Jonelle removed the pistol from the locked glove compartment. After checking to make sure the clip was full and the safety on, she tucked the pistol into the black leather holster slung over her left shoulder.
She wanted to keep her hands free so she shoved her purse under the driver’s seat and placed the car keys in the pocket of her jeans. A quick pull freed the navy blue windbreaker from the passenger seat. She shrugged into the lightweight jacket in an attempt to hide the gun from view. A quick look in the vehicle’s window still showed the firearm.
Afraid the presence of a pistol would alarm Jorge, she zipped the jacket enough to hide the holster. Next, Jonelle set her cellphone to vibrate and slid the phone into the windbreaker’s pocket.
The sun, so brilliant in the sky earlier that day, now rested low on the horizon. The air had cooled little from the heavy heat of the day, and she wondered briefly if the jacket would arouse Jorge’s suspicions.
“No way I’m meeting him alone without backup,” she mumbled to herself. She touched the holster for reassurance.
The digital readout on her watch indicated only ten minutes remained before the planned eight o’clock meeting time. Jonelle looked around and tried to orient herself to finding the landmarks in Marcia’s directions. As the light faded, four overhead lights came on and illuminated the lot. She saw clearly where the grass that ringed the parking lot opened up, revealing a narrow gravel walkway.
Jonelle stepped onto the path. Tiny stones crunched under foot as she walked to the right of carved grave markers, several leaning haphazardly on the uneven terrain. Or were those headstones removed and replaced? The fading light cast odd shadows around the stones—shadows that seemed to move and dance, the more she stared at them. Jonelle shuddered. In a flash, Marcia’s words came back to her . . . “some people get freaked out in cemeteries after dark.” Jonelle touched the shoulder holster again.
A few minutes passed with nothing but the sound of her own breathing and footfalls, and the buzzing, whirring, and chirping of insects. She hadn’t yet come upon the first landmark Marcia had given her—a three-sided storage shed filled with equipment—and Jonelle wondered if she had misunderstood the directions. With eyes now accustomed to the dim light, Jonelle shivered and explored the surroundings. There were no other gravel paths, and Marcia specifically said to get on the path and “follow it above and to the right of the guest parking lot.”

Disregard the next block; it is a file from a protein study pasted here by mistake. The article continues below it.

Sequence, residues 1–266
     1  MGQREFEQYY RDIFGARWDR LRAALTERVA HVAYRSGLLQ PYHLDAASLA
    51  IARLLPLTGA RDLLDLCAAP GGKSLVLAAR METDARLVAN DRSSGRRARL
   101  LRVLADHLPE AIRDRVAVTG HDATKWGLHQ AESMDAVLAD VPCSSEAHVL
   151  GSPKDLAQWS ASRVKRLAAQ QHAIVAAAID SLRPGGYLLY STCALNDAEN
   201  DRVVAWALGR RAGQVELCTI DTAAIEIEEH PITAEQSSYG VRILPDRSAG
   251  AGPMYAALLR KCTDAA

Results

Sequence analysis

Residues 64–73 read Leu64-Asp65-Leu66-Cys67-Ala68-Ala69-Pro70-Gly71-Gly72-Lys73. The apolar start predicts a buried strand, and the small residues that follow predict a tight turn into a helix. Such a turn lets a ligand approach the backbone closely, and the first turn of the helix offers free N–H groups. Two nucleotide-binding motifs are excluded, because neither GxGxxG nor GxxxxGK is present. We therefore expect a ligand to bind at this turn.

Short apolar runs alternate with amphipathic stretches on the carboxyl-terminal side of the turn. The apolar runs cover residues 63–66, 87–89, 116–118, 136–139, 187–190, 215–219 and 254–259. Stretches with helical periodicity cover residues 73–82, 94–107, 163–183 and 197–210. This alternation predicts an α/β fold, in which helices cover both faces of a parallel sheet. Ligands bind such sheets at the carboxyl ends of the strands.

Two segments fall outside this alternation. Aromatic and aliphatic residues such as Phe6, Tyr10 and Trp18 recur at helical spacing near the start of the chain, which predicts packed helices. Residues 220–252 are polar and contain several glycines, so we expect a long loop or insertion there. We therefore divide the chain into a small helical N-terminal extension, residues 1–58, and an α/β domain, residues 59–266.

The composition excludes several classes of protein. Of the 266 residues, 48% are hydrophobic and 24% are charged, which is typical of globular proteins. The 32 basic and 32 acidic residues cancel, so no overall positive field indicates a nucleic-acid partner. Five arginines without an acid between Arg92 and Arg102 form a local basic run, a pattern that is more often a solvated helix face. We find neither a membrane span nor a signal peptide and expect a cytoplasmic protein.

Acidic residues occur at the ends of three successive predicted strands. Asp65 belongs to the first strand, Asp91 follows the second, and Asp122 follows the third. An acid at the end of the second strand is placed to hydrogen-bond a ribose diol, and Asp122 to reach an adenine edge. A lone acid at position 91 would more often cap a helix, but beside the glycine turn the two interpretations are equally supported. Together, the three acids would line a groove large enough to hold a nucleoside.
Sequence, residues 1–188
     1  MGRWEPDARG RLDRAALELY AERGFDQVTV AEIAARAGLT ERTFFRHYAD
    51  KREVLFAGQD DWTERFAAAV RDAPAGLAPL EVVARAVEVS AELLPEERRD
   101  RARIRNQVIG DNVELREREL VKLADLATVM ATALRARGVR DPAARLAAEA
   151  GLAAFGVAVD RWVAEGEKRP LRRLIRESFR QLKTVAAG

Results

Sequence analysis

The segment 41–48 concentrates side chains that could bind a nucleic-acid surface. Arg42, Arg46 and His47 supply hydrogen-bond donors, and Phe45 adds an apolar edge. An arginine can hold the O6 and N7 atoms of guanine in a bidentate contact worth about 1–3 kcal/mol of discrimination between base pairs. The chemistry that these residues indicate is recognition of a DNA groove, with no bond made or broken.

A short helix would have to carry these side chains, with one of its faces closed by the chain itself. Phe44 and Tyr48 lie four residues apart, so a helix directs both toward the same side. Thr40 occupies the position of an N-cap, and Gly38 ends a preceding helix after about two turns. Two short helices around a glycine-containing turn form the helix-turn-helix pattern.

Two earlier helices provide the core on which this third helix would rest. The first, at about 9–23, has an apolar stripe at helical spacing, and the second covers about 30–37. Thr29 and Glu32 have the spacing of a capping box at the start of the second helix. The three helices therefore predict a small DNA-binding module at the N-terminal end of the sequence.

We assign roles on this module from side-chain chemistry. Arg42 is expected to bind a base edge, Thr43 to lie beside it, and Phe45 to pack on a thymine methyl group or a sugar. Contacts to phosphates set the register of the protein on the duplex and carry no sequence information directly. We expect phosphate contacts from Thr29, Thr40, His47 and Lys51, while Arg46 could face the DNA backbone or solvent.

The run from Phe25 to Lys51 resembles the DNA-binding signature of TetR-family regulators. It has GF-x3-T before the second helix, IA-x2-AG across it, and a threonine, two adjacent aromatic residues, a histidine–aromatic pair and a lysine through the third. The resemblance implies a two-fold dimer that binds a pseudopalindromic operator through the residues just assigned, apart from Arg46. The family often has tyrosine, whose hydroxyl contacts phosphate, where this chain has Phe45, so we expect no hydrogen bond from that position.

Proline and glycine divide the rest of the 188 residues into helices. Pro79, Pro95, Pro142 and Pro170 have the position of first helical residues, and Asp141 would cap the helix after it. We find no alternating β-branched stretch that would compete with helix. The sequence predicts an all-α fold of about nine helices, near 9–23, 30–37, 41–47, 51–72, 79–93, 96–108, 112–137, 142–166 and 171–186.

Jonelle hurried on. Her breathing became labored as she rushed along the path. As the tightness in her chest threatened to stop her forward progress, the landmark shed, filled with tractors came into view. Jorge and the meeting place were nearby.
Title: Burial Plot
Author: R. Lanier Clemons
Campus security guard and cop wannabe Jonelle Sweet has a problem. Her recently deceased husband is missing from the cemetery plot where she buried him. Married less than two years to Delbert Sweet, Jonelle knows she can find the answers to why someone removed his body and where he was taken.
Refusing to give up or be stonewalled, Jonelle’s persistence pays off. As her demand for answers escalates, Jonelle methodically tracks down a body snatcher and uncovers a conspiracy where cadavers are sold for profit. Jonelle learns that if she doesn’t watch her step, the grave robber may just turn into a killer. And she will be his first victim.
Born in Vermilion Parish, Louisiana, R. Lanier Clemons spent her early years moving from one Air Force base to another. It was her father, a career Air Force Sergeant, who instilled in her the love of books.
In college, she majored in Journalism and received her B.A. from Howard University. That degree helped her land a job as Managing Editor of an employee newspaper for the largest telecommunications company in the Washington DC area. Several years were spent writing the “5 W’s.” However, that didn’t dampen her thirst for fiction. With the love of mysteries in the back of her mind, she decided to explore some of the reasons why people committed crimes. That led to a degree in Legal Studies at the University of Maryland.
One day, she decided to sit down and write the kind of book she wanted to read. As a horse owner and competitor for 30 years, she finds writing and riding very similar activities. Both require skill, perseverance and practice in order to continue to grow and excel at each craft.
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